How Will This Impact Employers?
- As you know, employers are required to report to the IRS the cost of the lowest cost employer-sponsored SELF-ONLY PLAN when satisfying the “reporting requirement” for the employer mandate penalty tax. HOWEVER, this “reporting requirement” is NOT only used for purposes of the enforcing employer mandate. Sending the cost of the lowest cost employer-sponsored SELF-ONLY PLAN to the IRS is ALSO used by the agency “double-check” whether an employee who was initially determined to be eligible for a premium subsidy was actually eligible for a premium subsidy in the first place. If the IRS ultimately determines that the employee was NOT eligible for a premium subsidy, the employee must RE-PAY all or a portion of any “excess” premium subsidy payments.
- Analysis: Importantly, the employer mandate penalty tax is tied to the lowest cost employer-sponsored SELF-ONLY PLAN, and these proposed regulations do NOT change that. That is, the proposed regulations do NOT say that the employer mandate penalty tax will ALSO be tied to the lowest cost employer-sponsored FAMILY PLAN.
Just as IMPORTANT, these proposed regulations ALSO do NOT require employers to report the cost of the lowest cost employer-sponsored FAMILY PLAN to the IRS. BUT, the big question that I have is this: Will – in time – the IRS require employers to report the cost of the lowest cost employer-sponsored FAMILY PLAN so the IRS can “double-check” whether any dependents of an employee who were initially determined to be eligible for a premium subsidy were actually eligible for a premium subsidy in the first place?? Only time will tell…
- Another impact on employers is this: It is likely that a number of employees who are currently enrolled in a FAMILY PLAN will choose to switch over to a SELF-ONLY PLAN and then allow their dependents to purchase an Exchange plan and access a premium subsidy. In this case, the cost to the employer will decrease, as the employer will now only be contributing amounts toward a SELF-ONLY PLAN (which costs less than a FAMILY PLAN).
- Analysis: Treasury and the IRS thinks this will happen too. And, Treasury/IRS assumes that because employers will be contributing less $$$ toward their employees’ health coverage, the employer will either keep this extra $$$ as profits or give this $$$ back to the employee specifically or all employees generally. In all cases, these amounts will now be taxed, thereby generating tax revenue for the government.
HOWEVER, this newly generated revenue will go back out the door in the form of government spending for the premium subsidies, which will increase as more family members are accessing a premium subsidy if and when these regulations are finalized.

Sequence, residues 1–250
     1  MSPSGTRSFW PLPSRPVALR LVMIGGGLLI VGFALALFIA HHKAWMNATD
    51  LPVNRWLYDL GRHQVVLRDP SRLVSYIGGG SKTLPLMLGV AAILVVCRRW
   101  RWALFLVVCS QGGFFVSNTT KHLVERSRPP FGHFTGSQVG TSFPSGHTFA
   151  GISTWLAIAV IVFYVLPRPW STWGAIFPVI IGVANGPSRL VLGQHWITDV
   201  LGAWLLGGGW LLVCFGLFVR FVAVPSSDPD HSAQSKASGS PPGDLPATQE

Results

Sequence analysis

And here is yet another impact on employers: As more dependents are attracted to subsidized Exchange coverage, these family members will be leaving the employer’s risk pool. In the event these family members are “bad health risks,” this will actually improve the employer’s risk pool, thereby reducing costs for the employer. However, if these family members are “good health risks,” then the employer’s risk pool will suffer, which would likely increase an employer’s health care spend.
Will Anyone File a Lawsuit Challenging These Regulations?
- The Biden Administration fully admits that the Biden Treasury and IRS are “re-interpreting” the statute in a way that differs from the Obama Treasury and IRS.
- Analysis: This is important because this “alternative reading” of the statute could be viewed by a court of law as re-writing the statute through regulations. Which is a NO-NO.
Soooooooo, the big question is: Will anyone – like, for example, Republican Attorneys General or other groups – file a lawsuit arguing that the Biden Administration CANNOT re-write the statute by adopting this “alternative reading” of the premium subsidy rules? BTW, this would certainly be a compelling argument for a court of law to consider. After all, when Democratic Attorneys General argued that the Trump Administration “re-wrote” the statute in various regs issued by the previous Administration, these Democratic AGs won in court. However, the problem I see for any challengers to these regs is: Will they have “standing” sue (i.e., will anyone be “injured” by this “re-interpretation” of the statute)? BUT, maybe “standing” won’t be an issue because maybe a court of law – say the Supreme Court – will choose to bypass the “standing” issue and rule on the “merits of the case” to remind the Executive Branch that they CANNOT re-write the statute through regulations. Stay tuned…